From Clicks To Calls
As 2010 closes, I believe we are seeing the beginning of a transformation in digital marketing: what we at Marchex call “the call economy.” Although built on the backs of established online marketing tactics, the advent of a market for leads delivered through phone calls under a performance-based model represents a massive shift in how advertisers can efficiently acquire new customers.
For a very broad range of search advertisers, both large and small, the targeting of search terms and purchase of clicks is mere prelude to what they consider the ultimate outcome, and the one over which they have the most direct influence when converting a lead: a phone call. Whether the advertiser is a SOHO accountant or a national insurance giant, the clicks they drive are generally rendered valuable only in the context of their ability to lead to actual conversation.
Historically, the market for clicks took hold where it mattered most: for advertisers looking to drive revenue or attention proximate to the click event, primarily e-commerce or other online monetization regimes (such as, ironically, re-selling the same click). But what’s so exciting about the emergent call market is that it’s inherently cross-channel: a web or mobile search, map query, or other digital (as opposed to online-only) event yields a durable, intimate, person-to-person connection in the form of advertiser and prospect actually speaking… and transacting.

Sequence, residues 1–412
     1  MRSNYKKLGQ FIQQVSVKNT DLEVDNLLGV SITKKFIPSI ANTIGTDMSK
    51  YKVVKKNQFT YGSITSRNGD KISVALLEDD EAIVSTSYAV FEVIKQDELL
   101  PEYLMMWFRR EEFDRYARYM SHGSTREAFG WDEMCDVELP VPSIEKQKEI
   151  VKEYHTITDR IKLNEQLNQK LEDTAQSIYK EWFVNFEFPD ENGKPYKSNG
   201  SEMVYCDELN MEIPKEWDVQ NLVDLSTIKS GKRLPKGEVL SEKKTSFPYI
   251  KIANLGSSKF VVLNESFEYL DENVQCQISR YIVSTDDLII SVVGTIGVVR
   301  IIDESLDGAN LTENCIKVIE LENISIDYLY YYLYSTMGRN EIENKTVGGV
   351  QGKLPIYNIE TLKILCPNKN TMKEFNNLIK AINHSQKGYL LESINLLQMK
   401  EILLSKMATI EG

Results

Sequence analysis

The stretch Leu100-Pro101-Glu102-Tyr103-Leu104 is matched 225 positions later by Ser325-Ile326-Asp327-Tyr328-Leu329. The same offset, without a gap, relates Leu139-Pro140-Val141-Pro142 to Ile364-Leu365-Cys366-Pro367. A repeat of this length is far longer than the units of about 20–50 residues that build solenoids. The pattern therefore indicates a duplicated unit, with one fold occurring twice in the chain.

In the transition from display to search marketing, we saw advertisers gravitate to a market that provided both better performance (intent was arguably clearer given specific search terms at a moment of consumer need, and generally higher conversion rates), and greater transparency (the ability to measure correlations between a stated consumer need and a desired advertiser outcome at scale). As the market for calls develops, necessarily piggybacking on other established means of generating leads, the same propensity for increased performance and transparency is expressed pretty dramatically:
Performance. Any company, of any size, that secures new customers over the phone will tell you that calls sit far deeper in the conversion funnel than any impression, search, or website interaction ever could. Our own data suggests that in certain categories, phone-based conversions can reach double digit multiples of click conversion rates.
Transparency. Actual voice dialogue with prospects is invaluable, since inference is kept to a minimum. You can literally hear what’s on the mind of the customer: why they called, what they’re looking for and what hooks will get them to convert. Compare this intimate window to the evanescence of a click.
When we look to 2011, here are some of the macro trends we believe will help establish and grow the call economy.
Phones are becoming computers. According to Forrester, 23% of 18-44 year-olds already own a smart phone. On both smart phones and even a broad range of simpler mobile devices, access to information is greater than ever before, and the friction between finding a number and dialing it is as simple as a button press.